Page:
• Other academic institutions are reducing expenses in the area of athletics, such as Western Michigan University which plans to reduce such expenses by 20% ($6 million).

Fewer Intra-University Colleges (i.e. College of Business)

  • A unique example we found of how one U.S. university is changing its business model involves the University of Akron in Ohio.
  • At the direction of the President of the university (Gary Miller), the university is reducing “the number of colleges” it operates on campus (i.e. College of Business, College of Medicine) from 11 down to just five.
  • President Miller commented on that reduction in stating that “[o]ne area receiving a great deal of attention is the reorganization and staffing of our colleges. I called for a dramatic reduction in the number of colleges to reduce costs.”
  • The university has not yet announced which six colleges will be eliminated.
  • President Miller explained that the move is being made as part of “a full reorganization of the academic division that reduces the number of colleges and the number of programs while fine-tuning our traditional strength area.”

University Partnerships: Case Studies

Three case studies of universities in the U.S. that are partnering with financial institutions are the University of Montevallo Stephens College of Business (public), Rider University (private), and the University of Delaware (both private and public, since it’s assisted by the state, yet privately governed). Since quantitative metrics of success metrics were not found for the partnerships, we provided qualitative metrics of success (statements from individuals) in lieu thereof.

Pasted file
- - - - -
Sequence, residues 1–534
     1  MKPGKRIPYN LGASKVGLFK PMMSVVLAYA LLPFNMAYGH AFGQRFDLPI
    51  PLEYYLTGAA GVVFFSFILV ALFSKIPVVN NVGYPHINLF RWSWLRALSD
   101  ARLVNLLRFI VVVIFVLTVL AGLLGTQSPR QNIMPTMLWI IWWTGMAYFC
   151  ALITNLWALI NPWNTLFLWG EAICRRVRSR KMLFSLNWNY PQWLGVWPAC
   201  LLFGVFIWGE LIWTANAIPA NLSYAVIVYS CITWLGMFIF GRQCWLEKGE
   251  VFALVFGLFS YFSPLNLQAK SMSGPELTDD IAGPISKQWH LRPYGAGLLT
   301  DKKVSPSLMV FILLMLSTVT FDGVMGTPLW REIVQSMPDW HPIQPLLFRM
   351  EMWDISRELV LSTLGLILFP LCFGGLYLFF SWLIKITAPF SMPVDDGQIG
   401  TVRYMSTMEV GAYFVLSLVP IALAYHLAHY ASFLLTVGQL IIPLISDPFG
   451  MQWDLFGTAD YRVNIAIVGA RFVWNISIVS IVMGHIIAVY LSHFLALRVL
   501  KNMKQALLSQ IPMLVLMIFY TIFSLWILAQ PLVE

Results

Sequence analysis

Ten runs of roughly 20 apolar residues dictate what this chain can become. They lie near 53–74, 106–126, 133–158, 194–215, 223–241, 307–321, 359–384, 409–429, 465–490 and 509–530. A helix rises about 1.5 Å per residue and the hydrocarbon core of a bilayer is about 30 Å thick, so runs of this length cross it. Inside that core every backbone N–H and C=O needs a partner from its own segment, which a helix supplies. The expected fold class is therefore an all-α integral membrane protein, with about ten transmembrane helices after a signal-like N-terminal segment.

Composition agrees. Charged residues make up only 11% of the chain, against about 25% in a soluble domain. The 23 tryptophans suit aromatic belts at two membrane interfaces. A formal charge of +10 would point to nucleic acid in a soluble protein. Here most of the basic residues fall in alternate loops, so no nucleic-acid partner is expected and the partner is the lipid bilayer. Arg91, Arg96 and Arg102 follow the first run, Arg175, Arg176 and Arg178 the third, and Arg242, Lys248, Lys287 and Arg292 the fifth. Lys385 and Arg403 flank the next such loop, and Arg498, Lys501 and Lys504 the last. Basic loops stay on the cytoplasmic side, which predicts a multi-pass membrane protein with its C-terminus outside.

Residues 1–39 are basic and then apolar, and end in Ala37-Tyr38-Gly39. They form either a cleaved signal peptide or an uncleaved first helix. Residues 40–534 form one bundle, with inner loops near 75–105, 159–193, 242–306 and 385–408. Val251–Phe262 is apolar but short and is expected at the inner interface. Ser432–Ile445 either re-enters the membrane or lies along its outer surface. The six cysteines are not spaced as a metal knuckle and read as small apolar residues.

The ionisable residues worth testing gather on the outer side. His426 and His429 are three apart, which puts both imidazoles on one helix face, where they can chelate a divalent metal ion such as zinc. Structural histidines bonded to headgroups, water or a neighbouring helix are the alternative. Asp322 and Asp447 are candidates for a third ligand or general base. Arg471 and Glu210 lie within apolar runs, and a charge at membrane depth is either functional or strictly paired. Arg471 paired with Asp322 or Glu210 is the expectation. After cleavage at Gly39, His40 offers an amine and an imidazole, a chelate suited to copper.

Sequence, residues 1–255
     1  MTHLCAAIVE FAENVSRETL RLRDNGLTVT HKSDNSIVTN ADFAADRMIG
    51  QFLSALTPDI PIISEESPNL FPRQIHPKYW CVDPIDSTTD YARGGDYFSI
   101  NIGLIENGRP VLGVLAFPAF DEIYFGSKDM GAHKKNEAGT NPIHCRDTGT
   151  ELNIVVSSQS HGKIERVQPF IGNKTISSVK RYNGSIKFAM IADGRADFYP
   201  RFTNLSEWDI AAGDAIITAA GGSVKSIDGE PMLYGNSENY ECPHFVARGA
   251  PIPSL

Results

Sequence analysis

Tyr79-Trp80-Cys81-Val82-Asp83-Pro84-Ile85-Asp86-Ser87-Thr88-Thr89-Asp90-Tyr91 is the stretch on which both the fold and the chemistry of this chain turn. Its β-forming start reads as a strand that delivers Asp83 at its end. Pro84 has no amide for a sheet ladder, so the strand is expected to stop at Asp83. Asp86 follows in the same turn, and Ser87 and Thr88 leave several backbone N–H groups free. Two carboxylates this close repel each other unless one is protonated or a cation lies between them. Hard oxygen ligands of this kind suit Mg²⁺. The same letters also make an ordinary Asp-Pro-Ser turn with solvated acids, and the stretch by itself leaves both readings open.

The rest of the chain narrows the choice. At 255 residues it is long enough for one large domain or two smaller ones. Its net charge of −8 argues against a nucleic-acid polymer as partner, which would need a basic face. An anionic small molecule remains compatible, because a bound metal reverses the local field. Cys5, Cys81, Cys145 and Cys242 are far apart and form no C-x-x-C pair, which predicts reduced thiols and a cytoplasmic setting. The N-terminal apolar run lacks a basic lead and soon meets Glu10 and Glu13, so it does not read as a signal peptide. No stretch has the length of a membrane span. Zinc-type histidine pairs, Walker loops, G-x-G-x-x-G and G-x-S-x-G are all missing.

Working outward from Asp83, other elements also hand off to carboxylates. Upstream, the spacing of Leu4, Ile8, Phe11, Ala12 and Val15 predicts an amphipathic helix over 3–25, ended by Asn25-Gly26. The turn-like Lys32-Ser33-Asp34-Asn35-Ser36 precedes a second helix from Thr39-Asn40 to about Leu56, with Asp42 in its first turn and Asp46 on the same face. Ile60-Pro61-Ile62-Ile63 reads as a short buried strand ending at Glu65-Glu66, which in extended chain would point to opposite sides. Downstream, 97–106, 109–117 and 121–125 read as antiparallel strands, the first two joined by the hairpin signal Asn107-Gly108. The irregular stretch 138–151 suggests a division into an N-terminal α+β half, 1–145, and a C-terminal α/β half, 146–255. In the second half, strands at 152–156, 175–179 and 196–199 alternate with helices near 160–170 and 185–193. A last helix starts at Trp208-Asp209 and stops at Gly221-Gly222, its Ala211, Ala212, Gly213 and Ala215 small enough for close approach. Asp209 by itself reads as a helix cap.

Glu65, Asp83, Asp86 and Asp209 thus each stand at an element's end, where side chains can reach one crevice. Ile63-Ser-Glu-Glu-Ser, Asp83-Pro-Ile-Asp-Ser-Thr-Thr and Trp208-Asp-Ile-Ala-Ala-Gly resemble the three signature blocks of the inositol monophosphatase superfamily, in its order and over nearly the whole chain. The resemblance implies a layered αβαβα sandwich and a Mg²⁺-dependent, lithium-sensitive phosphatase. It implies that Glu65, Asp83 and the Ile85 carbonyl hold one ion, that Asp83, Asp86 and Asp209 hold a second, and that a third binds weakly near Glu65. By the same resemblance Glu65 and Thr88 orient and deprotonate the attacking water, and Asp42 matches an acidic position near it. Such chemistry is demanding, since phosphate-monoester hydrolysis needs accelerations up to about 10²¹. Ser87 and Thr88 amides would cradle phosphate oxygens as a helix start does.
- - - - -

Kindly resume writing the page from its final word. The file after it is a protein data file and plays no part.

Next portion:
Central State Bank & University of Montevallo Stephens College of Business

  • The first partnership we found is between Central State Bank, which has six locations (all in Alabama), and the University of Montevallo Stephens College of Business (located in Montevallo, Alabama).
  • The purpose of the partnership is two-fold: For Central State Bank, it receives help with its marketing efforts from the students, specifically regarding the bank’s efforts in attracting younger customers. For the College of Business, its students are given “real-world experiential learning opportunities” pertaining to marketing.
  • The idea for the partnership evolved organically through a conversation between the bank’s CEO (Mitt Schroeder) and the College of Business’s Dean (Stephen Craft). The conversation between the men pertained to “how the bank provided practical examples of problems that students were learning about in the classroom and that the input of students could be very valuable as the bank attempts to compete for younger clients.”
  • Dean Stephen Craft further commented on the mutual benefits from the partnership to both the College of Business and Central State Bank in stating the following: “It became clear that Central State Bank faces many of the challenges our students discuss in the classroom. This partnership allowed CSB to get real-time research and answers to their problems. The partnership allows students to interact with a live client in the classroom where the students are able to provide novel ideas that might never have occurred in a bank.”
  • Due to the real-world nature of the partnership, students are provided with the valuable experience of “working with a client while in an academic environment.”
  • The bank’s COO, George Henry, commented on the benefits of the partnership in stating the following: “We have gained new awareness into the services and delivery methods we should strongly consider. With the overall pace of technological change affecting Banking more quickly than in years past, the bank is using this information to modify strategic goals.”
  • As of May 2019, the partnership had already been in existence for over one year.